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by Jessica McDunn, University Relations

With global climate change a very prominent topic throughout the world today, scientists and students at HPU are part of cutting-edge research to study the effects of climate change on Hawai‘i and the global environment.

The HPU Marine Sciences program is conducting a pilot project that provides monthly monitoring of environmental conditions in Kane‘ohe Bay and the waters offshore of East O‘ahu. HPU marine sciences students have been conducting the environmental monitoring work aboard HPU’s research boat, the R/V Kaholo.

By participating in the data collection project, marine biology senior Lucas Kearns sees the relationship between water quality and sea- animal life.

“ In the past, Kane‘ohe Bay has been used for wastewater disposal, so a lot of organic matter is in the bay’s sediments. As it breaks down, it releases more CO2,” Kearns said. “That makes it a good source to gather data and to set up models on what could happen in the future.”

HPU Marine and Environmental Science Program Director Dr. Christopher Winn is coordinating the research effort, which was awarded to HPU through a $75,000 grant from the U.S. Department of Education Campus Compact Program. The Kane‘ohe Bay monitoring project is the kind of work Winn says distinguishes budding scientists.

“ It’s a terrific opportunity for our undergraduate students to participate in significant ocean research,” said Winn. “This monitoring project could be an important initiative over the next decade. We need people trained for this.”

Winn credits HPU’s affiliation with Oceanic Institute (OI), the nation’s largest applied marine research and aquaculture facility, as the key to receiving the research grant.

“ HPU and OI have given me a strong foundation in the basics of oceanographic research,” said Ginger Lee Jahn (2006 B.S. in marine biology).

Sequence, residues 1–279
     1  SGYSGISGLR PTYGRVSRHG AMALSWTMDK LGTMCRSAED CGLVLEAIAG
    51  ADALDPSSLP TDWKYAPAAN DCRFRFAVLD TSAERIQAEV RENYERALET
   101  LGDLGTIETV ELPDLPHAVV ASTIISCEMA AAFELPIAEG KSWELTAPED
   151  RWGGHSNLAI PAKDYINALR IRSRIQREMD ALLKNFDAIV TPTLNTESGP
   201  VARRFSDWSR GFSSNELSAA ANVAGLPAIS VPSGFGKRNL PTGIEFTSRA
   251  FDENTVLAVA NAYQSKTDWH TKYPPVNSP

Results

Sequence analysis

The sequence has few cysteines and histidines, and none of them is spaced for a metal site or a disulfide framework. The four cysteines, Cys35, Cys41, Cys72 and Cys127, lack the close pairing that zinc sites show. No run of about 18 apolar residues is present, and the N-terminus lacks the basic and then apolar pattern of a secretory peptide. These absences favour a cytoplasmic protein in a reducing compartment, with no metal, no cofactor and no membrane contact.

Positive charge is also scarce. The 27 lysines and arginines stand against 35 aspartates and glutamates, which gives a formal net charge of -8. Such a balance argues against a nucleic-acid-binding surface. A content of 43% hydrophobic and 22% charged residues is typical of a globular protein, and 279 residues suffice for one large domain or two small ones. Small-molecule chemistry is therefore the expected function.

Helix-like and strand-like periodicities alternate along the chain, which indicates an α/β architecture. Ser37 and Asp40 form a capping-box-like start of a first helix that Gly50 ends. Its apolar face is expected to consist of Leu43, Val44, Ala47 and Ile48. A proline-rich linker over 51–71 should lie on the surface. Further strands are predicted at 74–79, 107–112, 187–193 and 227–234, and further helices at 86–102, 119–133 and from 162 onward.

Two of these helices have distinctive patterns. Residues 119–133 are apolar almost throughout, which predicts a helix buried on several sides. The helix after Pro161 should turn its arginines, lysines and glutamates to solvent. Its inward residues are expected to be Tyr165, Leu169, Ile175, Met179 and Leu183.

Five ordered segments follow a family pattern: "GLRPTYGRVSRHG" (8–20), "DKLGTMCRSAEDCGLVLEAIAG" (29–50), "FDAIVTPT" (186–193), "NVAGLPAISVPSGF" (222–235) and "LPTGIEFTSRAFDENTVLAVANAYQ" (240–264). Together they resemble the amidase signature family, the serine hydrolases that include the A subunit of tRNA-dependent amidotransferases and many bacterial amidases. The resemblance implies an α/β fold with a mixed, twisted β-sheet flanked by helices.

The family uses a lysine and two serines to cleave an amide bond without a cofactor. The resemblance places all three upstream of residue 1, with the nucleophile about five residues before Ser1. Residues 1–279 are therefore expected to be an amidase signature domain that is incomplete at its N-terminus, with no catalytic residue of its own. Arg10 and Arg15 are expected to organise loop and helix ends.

According to Winn, Kane‘ohe Bay is a particularly significant and interesting region for long-term study because of the extensive history of research in the bay, along with the human influences on it, over the past century.

“ We hope this long-term monitoring effort will help us better understand how the bay and the surrounding marine environment are responding to the continuing influence of coastal development, non-point source pollutant input, and impending climate change,” said Winn.

Assistant Professor of biology Dr. Valerie Franck is studying the effects of decades-long dumping in Kane‘ohe Bay by researching nutrient cycling in ocean waters over time.

HPU scientists offer worldwide environmental experience. Before focusing on island ecology, Franck conducted scientific research in Greenland. “I have spent some time in Antarctica and am interested in the comparison between the Arctic and Antarctica in terms of marine science and wildlife,” said Franck. “I’ve heard a great deal from researchers from around the world about the effects of global warming on Arctic marine ecosystems and finally saw those changes for myself.”
Dr. Susan Carstenn, HPU assistant professor of environmental science, is continuing a research project on using controlled fires to enhance recovery of the Florida Everglades. Carstenn and her collaborators are working on a book outlining the study. She will present her findings at the Eco-Summit in China in May.

Dr. Stephen Allen, HPU assistant professor of chemistry, is collaborating with other scientists to develop a carbon fuel cell that uses a renewable fuel created from green waste. Allen also will teach a course at HPU in the fall 2007 semester that will offer certification in the solar technology field.

For more information on HPU’s College of Natural Sciences and HPU’s affiliate organization Oceanic Institute, please contact natsci@hpu.edu or 236-5853.


(Left to right) HPU Assistant biology Professor Dr. Kristi West, natural sciences senior Joshua Spaulding, biology sophomore Tarah Pierson, Oceanic Institute finfish researcher Chad Callan, marine biology junior Alexandra White, Assistant environmental science Professor Dr. Susan Carstenn, and marine biology junior Dean Kline examine water samples taken from offshore East O‘ahu.

Courtesy OI



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